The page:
John Cooper , July 5, 2004

 

Written & Photos by: Jason Perlman

 

Jason: So how’s the tour going?
John: Well you know what, it’s our first day actually.

 

Jason: On this tour, or ...
John: For us it is, yeah. You know, I don’t know, I get confused on these tour things; when the actual Saliva tour started. My impression was it was starting today, but I think that Earshot and Saliva have been doing a bunch of dates. We’ve only done one date and it was a radio show.

 

Jason: Oh, okay.
John: And it was really great and I loved it. It’s cool to me, because I am a fan of both of the bands, you know, so I bought Saliva’s last record like the day it came out, so that’s pretty strange for me. Because to go on tour with someone you’re a fan of is pretty unusual, I think, but it’s cool.

 

Jason: Yeah. And you got the nice hookup out here, you got the barbecue going, you got the tent going. You’re making yourself right at home on this tour aren’t you?
John: (Laughs) Yeah, that’s just today. Ben, he’s our young guitar player. We call him the young guitar player because he’s like ten years younger then me. And he’s like, that’s it we’re getting the grill, we’re having a family day. They bought tents and everything; it’s really pretty funny to me. But I guess when you’re on the road, it becomes your home, you know, you do everything you can do to make it seem normal. And in fact my wife is in the band and she plays guitar and keyboards and we have a daughter on the road, her name’s Alex and she’s about 21 months, so actually it is very family anyway, so why not get a grill you know? It makes sense doesn’t it?

 

Jason: Well yeah, this is bigger than my place ...
John: Oh yeah, haha. Yeah this is definitely more than my house, that’s for sure.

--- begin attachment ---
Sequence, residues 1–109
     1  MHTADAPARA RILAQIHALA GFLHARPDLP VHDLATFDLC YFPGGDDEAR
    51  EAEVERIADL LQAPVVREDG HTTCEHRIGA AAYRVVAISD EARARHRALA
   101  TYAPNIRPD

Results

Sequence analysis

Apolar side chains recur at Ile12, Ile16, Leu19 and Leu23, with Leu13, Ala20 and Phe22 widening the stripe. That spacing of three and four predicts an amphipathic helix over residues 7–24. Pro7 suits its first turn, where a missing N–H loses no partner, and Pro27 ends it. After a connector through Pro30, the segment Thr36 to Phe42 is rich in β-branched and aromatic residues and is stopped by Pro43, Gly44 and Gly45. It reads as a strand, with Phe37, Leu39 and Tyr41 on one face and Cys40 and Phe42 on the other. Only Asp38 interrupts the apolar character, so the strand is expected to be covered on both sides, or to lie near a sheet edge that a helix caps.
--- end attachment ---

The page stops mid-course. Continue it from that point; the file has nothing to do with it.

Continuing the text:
Jason: Because you’re going to be out on the road for a while and really playing together every night as a band, making this like your full time job for what could be another year, year and a half or so, how do you see that effecting where the band is going to be in a year and a half down the road?
John: Yeah. You know what, I don’t know how much history you know of Skillet--most people you’ll be doing this for probably won’t know us--we’ve actually been doing this full time since ’97. It’s been about seven years and we’re pretty much on the road all the time anyways, so it’s not really that much different. The only real difference is that we’ve been kind of independent for a long time and this has been our first on a major label we’ve been on, a major tour. It’s a different kind of road--it’s almost like starting all over with a new fan base, trying to gain this audience, so that’s what’s really different. You go from people coming to see you play, to. Probably not. (laughs) Probably not coming to see you play. And the idea is that those people are like ‘oh, I don’t know who you are, we don’t care’. I mean, typically when you go to see a band-if you go to see a big band-you’re not there for the opener, and you want to be impressed. I mean, I know I do when I go to see a band. I want somebody to rock or whatever. So that’s kind of the mission, just hope we go on and have as many people leave going ‘oh, I really liked it, that was surprising’. That’s the idea for the tour.